Cooper Creek

Mine, Active

Commodities and mineralogy

Main commodities Au
Other commodities As
Ore minerals arsenopyrite; gold; magnetite

Geographic location

Quadrangle map, 1:250,000-scale SR
Quadrangle map, 1:63,360-scale B-8
Latitude 60.474
Longitude -149.8745
Nearby scientific data Find additional scientific data near this location
Location and accuracy Cooper Creek flows north into the Kenai River at 3 miles below Kenai Lake. The mine is located in the SW1/4 section 31, T. 5 N., R. 3 W., Seward Meridian at about 700 feet elevation. The creek has been worked from Stetson Creek to its mouth. The map location is in the center of the placer deposit. This is location 160 of Cobb and Richter (1972), location 173 of MacKevett and Holloway (1977), location 25 of Cobb and Tysdal (1980), and location P-86 of Jansons and others (1984). This location is accurate to within 300 feet.

Geologic setting

Geologic description

Cooper Creek is 10 miles long and occupies a narrow bedrock canyon nearly to its junction with the Kenai River. Bedrock in the area is slate and graywacke of the Valdez Group of Late Cretaceous age (Nelson and others, 1985).
Near its mouth, Cooper Creek has cut through stratified gravels of a glacial delta deposit of the Kenai River valley. A bench gravel deposited by Cooper Creek on the east side of the stream is between 100 and 200 feet above the current creek level (Moffit, 1906). The gold content of the glacial delta gravels was low, but the Cooper Creek bench gravels averaged about $0.40 per cubic yard (with gold at $20.67 per ounce) (Cobb and Tysdal, 1980). Cooper Creek bench gravels are 8 to 10 feet thick and are composed of lenses of pebbly gravel resting on a sand and clay false bedrock.
Even richer bench gravels in the canyon lay on bedrock and contained both coarse and fine gold. The largest reported nugget produced from the canyon bench gravels was worth $3.80 (gold at $20.67) (Johnson, 1912).
Gravels of the active stream channel are loose and easily handled and composed of pebbles of black slate and graywacke interspersed with some boulders of fine-grained felsic dike rocks (Hoekzema and Sherman, 1983). Boulders larger than 3 feet are rare; most boulders are between 1.5 to 3 feet. The stream gravels of the both the canyon and the delta have been worked and produced gold. The stream gravels vary considerably in thickness and, in general, are richer in the canyon than near the mouth (Johnson, 1912).
The gold is derived from three sources: from the delta deposits that flank the stream flat, from the auriferous glacial and fluvioglacial deposits in the glaciated valley of Cooper Creek, and to a slight extent, probably by post-glacial erosion of gold-bearing lodes in the bedrock of the valley (Johnson, 1912). The gold is small, flat, heavy, and not flaky (Johnson, 1912). Gold fineness is 85 percent. Gravel concentrates also contain pyrite, arsenopyrite, and magnetite (Johnson, 1912).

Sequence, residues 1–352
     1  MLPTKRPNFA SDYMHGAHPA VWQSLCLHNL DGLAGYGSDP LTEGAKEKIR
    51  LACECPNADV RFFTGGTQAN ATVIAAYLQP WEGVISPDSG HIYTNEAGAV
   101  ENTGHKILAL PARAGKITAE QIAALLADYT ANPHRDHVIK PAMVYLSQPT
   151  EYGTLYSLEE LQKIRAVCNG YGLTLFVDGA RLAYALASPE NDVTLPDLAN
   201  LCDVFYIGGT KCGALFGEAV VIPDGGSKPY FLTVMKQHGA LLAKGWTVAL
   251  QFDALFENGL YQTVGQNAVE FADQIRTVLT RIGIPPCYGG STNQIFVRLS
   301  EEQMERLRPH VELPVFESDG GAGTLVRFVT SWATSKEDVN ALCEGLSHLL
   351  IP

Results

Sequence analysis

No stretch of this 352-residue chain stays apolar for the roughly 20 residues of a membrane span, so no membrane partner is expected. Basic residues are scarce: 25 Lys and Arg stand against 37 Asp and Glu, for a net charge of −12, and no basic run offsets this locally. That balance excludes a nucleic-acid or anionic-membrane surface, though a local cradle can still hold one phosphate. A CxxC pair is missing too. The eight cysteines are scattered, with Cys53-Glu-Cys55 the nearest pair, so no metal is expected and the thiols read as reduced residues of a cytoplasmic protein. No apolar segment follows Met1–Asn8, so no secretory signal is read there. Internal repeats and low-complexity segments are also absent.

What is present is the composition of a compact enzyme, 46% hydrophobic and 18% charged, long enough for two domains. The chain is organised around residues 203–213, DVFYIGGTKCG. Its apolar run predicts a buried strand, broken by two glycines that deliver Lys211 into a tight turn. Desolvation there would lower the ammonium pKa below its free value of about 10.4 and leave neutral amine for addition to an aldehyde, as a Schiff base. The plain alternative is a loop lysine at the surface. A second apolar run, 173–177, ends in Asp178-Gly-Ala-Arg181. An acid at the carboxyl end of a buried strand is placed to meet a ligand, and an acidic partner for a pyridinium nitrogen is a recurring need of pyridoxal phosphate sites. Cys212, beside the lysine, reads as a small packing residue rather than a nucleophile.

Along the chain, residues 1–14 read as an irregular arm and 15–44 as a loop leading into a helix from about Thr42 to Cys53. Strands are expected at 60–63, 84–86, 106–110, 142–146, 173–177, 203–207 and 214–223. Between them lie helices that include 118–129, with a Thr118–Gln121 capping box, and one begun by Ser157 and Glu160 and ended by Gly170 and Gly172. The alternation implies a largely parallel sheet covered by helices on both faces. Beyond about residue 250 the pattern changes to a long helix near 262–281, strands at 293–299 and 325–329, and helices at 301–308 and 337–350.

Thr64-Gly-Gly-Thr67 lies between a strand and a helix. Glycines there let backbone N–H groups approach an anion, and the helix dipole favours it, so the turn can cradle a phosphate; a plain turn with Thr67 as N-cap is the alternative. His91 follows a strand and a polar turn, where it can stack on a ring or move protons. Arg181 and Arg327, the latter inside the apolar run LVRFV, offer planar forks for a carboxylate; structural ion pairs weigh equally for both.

Geologic map unit (-149.876654697496, 60.4734232577533)
Mineral deposit model Placer Au (alluvial) (Cox and Singer, 1986; model 39a).
Mineral deposit model number 39a
Age of mineralization Quaternary.

Production and reserves

Workings or exploration
Between 1899 and 1917, creek gravels were worked by hand placer methods and hydraulic mining, both in the canyon and on the flat at the lower end of the creek (Johnson, 1912). Only minor production has occurred since.
Hydraulic operations were in progress in 1911 on the stream flat at the mouth of the creek. On account of the low stream gradient, a Ruble elevator with a 48-foot body, 10 feet wide, and a 12-foot expansion at the lower end was installed. The gold-saving attachments consisted of four sluice boxes, 12 feet long by 4 feet wide, set on a grade of 8 inches to the box length. The three lower boxes were set with steel-capped wooden cross riffles, 4 inches by 2 inches by 4 feet in size, 2 inches apart with 1-inch spaces between the steel straps (Johnson, 1912). Water for hydraulic mining was obtained from Stetson, and two other nearby creeks by an upper ditch 4 miles long, a lower ditch 1.75 miles long, and 1,300 feet of flume. Two No. 2 Hendy giants with 4-inch nozzles were available, but only one giant with a 5-inch nozzle operating under a 200-foot head was in use in June 1911 (Johnson, 1912). The usual operation was to strip the soil down to the gravel layer and then to wash all the gravel down to the false bedrock over the elevator. Most of the gold was caught in the upper boxes.
The U.S. Bureau of Mines collected four 0.1 cubic yard samples from the bench and bar deposits near the mouth of Cooper Creek. These contained 0.0018 to 0.019 ounce of gold per cubic yard (Jansons and others, 1984).
Current mining, consisting of small-scale suction dredging in the active stream channel, occurs intermittently at and just below Cooper Creeks juncture with Stetson Creek.
Indication of production Yes; small
Reserve estimates The U.S. Bureau of Mines indicated that only limited quantities of unmined gravel remain (Jansons and others, 1984).
Production notes
Moffit (1906) reported that most of the pay from Cooper Creek was taken from a single claim in a single year and a profit of 14 pounds of gold was made that year.
The U.S. Bureau of Mines estimated total production to have exceeded 1,000 ounces, of which less that 50 ounces has been produced since 1975 (Jansons and others, 1984).

References

References

Reporters Jeff A. Huber and Carol S. Huber (Anchorage)
Last report date 6/29/2000